Three things to know about the stock market

Published on December 31, 2015   18 min

Other Talks in the Series: Hot Topics

0:00
Hello, I'm Ramon DeGennaro. I'm the Haslam Professor of Banking and Finance, at the University of Tennessee.
0:08
Just how "good" is a "good" year for stocks, and just how "bad" is a "bad" year? The answer to the "good" part is really, really good. Sadly, the answer to the "bad" part is really, really bad. I recommend that you be seated for this next part. Between the years 1926 and 2012, the best one year return was in 1933. Stocks returned almost 58 percent. The worst one year return was in 1931, a loss of almost half, just under 45 percent. Now some of you are thinking, at least, the downside is less damaging than the upside. Think again! If you start with $100 and suffer a 50 percent loss, then you have $50. It takes a gain of 100 percent to make up for that 50 percent loss. Those numbers are saying that the worst year and the best year, just about cancel each other out. You'd have about 90 cents, if you started with a dollar, and then experienced the best year and the worst year back to back.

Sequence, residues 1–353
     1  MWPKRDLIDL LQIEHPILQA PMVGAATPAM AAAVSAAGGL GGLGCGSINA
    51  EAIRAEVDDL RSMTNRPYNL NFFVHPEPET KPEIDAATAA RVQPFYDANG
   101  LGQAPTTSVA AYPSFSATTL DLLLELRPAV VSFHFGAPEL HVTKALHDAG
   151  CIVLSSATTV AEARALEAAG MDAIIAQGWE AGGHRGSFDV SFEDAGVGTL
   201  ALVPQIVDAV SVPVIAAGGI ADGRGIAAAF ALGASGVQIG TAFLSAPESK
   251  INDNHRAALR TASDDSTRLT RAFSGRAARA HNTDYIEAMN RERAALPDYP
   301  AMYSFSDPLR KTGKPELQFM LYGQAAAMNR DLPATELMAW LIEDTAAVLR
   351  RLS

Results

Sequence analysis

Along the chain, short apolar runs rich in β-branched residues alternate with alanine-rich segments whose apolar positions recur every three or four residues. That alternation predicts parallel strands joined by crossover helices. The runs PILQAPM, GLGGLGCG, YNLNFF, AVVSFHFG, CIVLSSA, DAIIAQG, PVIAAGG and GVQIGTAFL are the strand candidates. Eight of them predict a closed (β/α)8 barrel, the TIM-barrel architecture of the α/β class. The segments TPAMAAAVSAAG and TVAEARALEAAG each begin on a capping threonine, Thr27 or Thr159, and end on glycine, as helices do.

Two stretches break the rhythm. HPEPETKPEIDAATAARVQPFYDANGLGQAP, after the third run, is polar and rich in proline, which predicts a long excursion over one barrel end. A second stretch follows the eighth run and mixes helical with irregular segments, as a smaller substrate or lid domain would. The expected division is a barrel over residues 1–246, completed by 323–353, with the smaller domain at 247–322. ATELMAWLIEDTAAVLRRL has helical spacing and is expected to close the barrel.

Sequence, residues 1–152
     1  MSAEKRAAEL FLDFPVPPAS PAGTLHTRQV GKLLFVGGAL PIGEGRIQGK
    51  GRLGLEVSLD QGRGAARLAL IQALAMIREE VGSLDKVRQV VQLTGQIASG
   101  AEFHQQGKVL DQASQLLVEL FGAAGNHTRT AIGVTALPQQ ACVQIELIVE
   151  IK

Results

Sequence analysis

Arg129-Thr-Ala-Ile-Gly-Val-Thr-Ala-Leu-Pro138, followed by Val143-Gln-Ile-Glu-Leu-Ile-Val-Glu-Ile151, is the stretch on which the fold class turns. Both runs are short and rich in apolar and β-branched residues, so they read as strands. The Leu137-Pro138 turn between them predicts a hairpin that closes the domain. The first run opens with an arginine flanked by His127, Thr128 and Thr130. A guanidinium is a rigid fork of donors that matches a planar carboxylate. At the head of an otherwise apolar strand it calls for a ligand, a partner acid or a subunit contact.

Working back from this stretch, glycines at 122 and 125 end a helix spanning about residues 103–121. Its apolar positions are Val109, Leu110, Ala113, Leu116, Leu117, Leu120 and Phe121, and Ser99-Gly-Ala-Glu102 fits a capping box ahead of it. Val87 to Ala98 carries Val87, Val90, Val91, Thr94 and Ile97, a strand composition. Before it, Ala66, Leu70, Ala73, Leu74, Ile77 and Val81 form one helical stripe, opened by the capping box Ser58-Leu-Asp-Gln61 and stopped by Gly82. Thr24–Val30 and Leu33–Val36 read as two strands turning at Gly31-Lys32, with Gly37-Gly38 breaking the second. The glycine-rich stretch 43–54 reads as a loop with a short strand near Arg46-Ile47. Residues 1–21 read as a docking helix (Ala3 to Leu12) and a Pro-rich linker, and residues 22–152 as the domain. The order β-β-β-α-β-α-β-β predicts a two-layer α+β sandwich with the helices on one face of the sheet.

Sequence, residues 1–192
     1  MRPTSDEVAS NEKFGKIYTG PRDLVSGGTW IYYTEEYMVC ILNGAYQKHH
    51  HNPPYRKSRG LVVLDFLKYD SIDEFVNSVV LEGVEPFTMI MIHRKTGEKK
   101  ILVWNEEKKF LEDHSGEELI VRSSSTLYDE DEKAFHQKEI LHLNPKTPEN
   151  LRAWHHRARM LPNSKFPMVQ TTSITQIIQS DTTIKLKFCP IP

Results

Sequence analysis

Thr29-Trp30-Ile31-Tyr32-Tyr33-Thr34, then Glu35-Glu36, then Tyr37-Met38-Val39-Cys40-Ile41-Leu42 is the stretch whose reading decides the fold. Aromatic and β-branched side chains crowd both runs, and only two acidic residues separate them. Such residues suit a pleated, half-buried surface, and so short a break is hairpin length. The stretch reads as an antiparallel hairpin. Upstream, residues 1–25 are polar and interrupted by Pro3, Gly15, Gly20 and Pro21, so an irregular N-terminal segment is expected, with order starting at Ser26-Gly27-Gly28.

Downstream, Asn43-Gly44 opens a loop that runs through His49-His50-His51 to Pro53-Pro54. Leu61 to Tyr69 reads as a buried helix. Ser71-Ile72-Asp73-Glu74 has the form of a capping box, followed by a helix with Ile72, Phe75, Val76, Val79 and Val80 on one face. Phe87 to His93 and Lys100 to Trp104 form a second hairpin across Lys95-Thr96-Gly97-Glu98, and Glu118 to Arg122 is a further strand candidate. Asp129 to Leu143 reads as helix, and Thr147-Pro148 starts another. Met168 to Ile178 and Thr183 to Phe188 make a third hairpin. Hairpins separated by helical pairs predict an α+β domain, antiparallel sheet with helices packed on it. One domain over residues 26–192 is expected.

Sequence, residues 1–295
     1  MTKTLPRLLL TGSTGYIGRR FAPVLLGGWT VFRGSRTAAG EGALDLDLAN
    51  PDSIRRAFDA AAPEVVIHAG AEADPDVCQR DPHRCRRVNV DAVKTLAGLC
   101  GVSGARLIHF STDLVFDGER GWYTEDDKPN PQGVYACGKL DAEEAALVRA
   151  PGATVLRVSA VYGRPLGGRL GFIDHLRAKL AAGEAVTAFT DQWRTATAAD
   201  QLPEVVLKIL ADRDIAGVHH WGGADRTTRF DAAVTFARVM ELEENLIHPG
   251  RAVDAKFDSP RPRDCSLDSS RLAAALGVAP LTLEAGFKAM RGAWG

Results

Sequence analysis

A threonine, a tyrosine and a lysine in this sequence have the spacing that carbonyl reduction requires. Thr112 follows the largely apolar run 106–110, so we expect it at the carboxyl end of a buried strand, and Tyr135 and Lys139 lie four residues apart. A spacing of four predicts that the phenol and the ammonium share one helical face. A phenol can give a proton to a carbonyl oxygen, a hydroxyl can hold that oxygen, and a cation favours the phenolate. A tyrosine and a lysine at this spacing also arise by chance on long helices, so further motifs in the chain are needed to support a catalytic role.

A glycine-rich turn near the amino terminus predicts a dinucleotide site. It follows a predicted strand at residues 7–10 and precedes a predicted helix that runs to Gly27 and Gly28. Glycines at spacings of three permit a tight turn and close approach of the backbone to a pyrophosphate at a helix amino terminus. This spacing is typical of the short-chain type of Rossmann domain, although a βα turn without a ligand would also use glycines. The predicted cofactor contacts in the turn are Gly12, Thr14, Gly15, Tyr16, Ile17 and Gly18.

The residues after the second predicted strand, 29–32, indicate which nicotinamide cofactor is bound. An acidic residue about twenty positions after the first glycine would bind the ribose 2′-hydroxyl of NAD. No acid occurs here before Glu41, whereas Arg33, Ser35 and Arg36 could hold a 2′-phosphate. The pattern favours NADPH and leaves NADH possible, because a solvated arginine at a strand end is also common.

1:22
Many people think that the longer you stay invested in stocks, then the safer you'll be. They think that stock prices eventually rebound after declines. Looking at historical rates of return, over different time horizons, tends to support that. For example, look at the vertical bar on the left, that's the range of one year holding period returns. From 1926-2012, one year returns varied from a loss of about 44 percent, to a gain of about 58 percent. Extend the period to two years, and what happens? The range of returns indeed does narrow. The biggest loss is about 37 percent, and the biggest gain is about 38 percent. For 10 years, the range is from about a 2 percent loss to a gain of about 19 percent. For 50 years, the range shrinks from a gain of about 7.4 percent to a gain of just over 13 percent. And holding periods of 75 years, you can say that the rate of return is right around 10 percent, whether you have a good 75 years or a bad 75 years. The range is only from 9.4 to 11.7 percent, that's just 2.3 percent per year. Understandably, lots of people interpret this as showing that the longer you stay in the market, the safer you'll be. Many of you have seen this idea promoted before. And if you haven't, then you will soon, I promise.
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Three things to know about the stock market

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